Are We Close To Calling The Season?

BREAKING: The Cardinals and Brewers matchup this weekend is on hold due to a covid outbreak among Cardinals players.

The postponement is coming after we’ve already seen postponements along the East Coast teams. The Marlins are up to a count of 19 positive cases and won’t be back in action until at least Sunday. And if you’ve been following along, you’ll know that while their infections were a-brewin’, they were in Philadelphia playing the Phillies. The Phillies postponed their games with the Yankees (and now the Blue Jays) out of an abundance of precaution, and surprising nobody, Philly has now seen some positive cases.

As more games are being postponed, it’s becoming increasingly clear that trying to cram 60 games into 66 days is going to be a logistical nightmare – it’s hard enough when games are going to be rained out, but now we’ll be seeing teams with an entire series (or two or three!) that will have to be rescheduled. The league has already decided that doubleheaders are going to be limited to seven innings (and in the case of a tie, the eighth will start with a runner on second). How can we realistically expect that all 60 games will be played by each team? And if a team only plays, say 54 games, how could that impact playoff scenarios? Will we go by win percentage vs. record?

One has to wonder at what point the season will be cancelled entirely. If we start seeing that teams that are left in the aftermath of positive cases – as was the case with the Phillies after their series with the Marlins – it’s going to be pretty damning for MLB. Even if a player tests negative before a game, but is already infected and contagious or gets infected between tests, how many players on his own team and the opposing team will be affected before they start spreading it themselves?

The Cardinals just finished playing a couple of games against Minnesota. If the Twins start getting positive tests, does this mean that MLB has done a terrible job with containment, despite a 101-page health and safety protocol? I guess we’ll find out in a few days – if the Twins go down after playing a team that’s seen an outbreak, the writing will be on the wall.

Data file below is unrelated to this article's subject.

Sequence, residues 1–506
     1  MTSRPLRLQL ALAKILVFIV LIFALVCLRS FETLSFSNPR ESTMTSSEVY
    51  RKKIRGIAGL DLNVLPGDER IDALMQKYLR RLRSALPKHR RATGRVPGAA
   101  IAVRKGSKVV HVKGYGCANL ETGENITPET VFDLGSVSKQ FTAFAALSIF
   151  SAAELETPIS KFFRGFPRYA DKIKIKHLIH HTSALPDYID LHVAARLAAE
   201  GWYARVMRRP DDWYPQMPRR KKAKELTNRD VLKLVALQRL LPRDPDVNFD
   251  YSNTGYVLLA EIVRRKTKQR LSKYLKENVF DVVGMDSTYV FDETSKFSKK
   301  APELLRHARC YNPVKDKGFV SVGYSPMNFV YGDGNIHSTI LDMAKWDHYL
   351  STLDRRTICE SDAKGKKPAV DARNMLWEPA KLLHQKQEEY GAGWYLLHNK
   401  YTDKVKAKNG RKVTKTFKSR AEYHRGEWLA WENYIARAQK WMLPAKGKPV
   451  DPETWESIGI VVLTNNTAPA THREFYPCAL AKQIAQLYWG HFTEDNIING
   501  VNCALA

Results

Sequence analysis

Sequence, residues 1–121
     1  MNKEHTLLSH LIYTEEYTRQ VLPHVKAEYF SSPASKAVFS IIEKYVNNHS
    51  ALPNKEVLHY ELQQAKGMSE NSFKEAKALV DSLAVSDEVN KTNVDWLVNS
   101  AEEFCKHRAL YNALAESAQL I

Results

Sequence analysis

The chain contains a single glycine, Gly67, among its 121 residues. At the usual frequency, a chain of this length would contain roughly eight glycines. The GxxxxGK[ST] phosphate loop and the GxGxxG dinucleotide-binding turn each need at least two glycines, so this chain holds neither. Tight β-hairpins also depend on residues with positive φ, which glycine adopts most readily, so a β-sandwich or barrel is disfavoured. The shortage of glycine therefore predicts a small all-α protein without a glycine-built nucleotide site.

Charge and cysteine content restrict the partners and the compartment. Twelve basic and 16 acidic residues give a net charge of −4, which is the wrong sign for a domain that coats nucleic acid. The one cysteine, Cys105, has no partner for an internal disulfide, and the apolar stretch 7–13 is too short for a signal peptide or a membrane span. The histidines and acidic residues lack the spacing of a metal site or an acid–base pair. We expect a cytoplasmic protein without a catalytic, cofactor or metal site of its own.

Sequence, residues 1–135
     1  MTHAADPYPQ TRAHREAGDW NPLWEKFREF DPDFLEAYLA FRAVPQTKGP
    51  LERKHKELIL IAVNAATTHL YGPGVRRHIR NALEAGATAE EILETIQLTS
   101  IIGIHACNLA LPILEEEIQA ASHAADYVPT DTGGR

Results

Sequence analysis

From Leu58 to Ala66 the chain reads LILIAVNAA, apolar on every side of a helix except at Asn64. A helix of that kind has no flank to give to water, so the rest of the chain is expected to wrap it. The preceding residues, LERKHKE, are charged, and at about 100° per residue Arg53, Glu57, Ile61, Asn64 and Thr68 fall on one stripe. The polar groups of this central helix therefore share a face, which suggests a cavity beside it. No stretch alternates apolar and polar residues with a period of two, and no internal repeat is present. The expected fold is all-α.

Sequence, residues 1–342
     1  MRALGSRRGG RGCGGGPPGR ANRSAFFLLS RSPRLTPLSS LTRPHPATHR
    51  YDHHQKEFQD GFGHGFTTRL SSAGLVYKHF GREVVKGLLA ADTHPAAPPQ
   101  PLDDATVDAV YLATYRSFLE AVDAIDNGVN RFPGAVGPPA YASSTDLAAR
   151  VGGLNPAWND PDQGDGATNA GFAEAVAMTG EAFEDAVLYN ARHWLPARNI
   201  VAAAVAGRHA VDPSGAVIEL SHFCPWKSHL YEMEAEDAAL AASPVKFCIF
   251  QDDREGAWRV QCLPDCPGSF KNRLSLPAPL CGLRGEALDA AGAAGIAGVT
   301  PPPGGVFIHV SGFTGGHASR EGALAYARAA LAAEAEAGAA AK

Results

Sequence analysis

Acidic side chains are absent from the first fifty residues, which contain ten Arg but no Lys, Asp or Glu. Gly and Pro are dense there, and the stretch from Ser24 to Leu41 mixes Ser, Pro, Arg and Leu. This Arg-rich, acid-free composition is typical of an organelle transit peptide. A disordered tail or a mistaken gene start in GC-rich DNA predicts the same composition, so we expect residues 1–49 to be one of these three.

On a somewhat related note, has anyone else noticed the lack of reporting on the part of MLB when it comes to Covid reporting? If you look at MLB.com this morning, the front page has zero mention of the postponements or positive tests:

Yet, many of the other major sports websites are showing the news front and center:

One might start putting on their tin foil hats here that MLB doesn’t want us to worry about a possible season cancellation. Or they might be trying to bury their heads in the sand. Or they might be realizing that they botched the entire comeback from negotiations to implementation. I noticed this happening the other day when I was researching the postponement news with the Marlins, and I’m now realizing that MLB is really doing their best to minimize the situation.

Whatever the case may be, my best wishes go out to those infected for a speedy recovery.

One comment

  • I don’t get it? When Covid first hit, all the major sports were put on hold as they should be. But Now? When the pandemic is raging and Covid numbers have dramatically increased and are still rising in the U.S.? Baseball comes back?

    Not only comes back, but without the necessary precautions that the other sports are taking, ie in a bubble containment! So you got 30 teams flying around visiting different states and cities all who are struggling with increasing Covid numbers and somehow they think this will be safe?

    Now 3 or more teams are infected and a few others under infected watch and still no talk of postponing or cancelling the season. Wake up MLB! The pandemic is real! It was a fools goal to start the season right in the middle of a highly contagious pandemic to begin with. Its now crystal clear — Its not for the love of the game — its for the love of the money!

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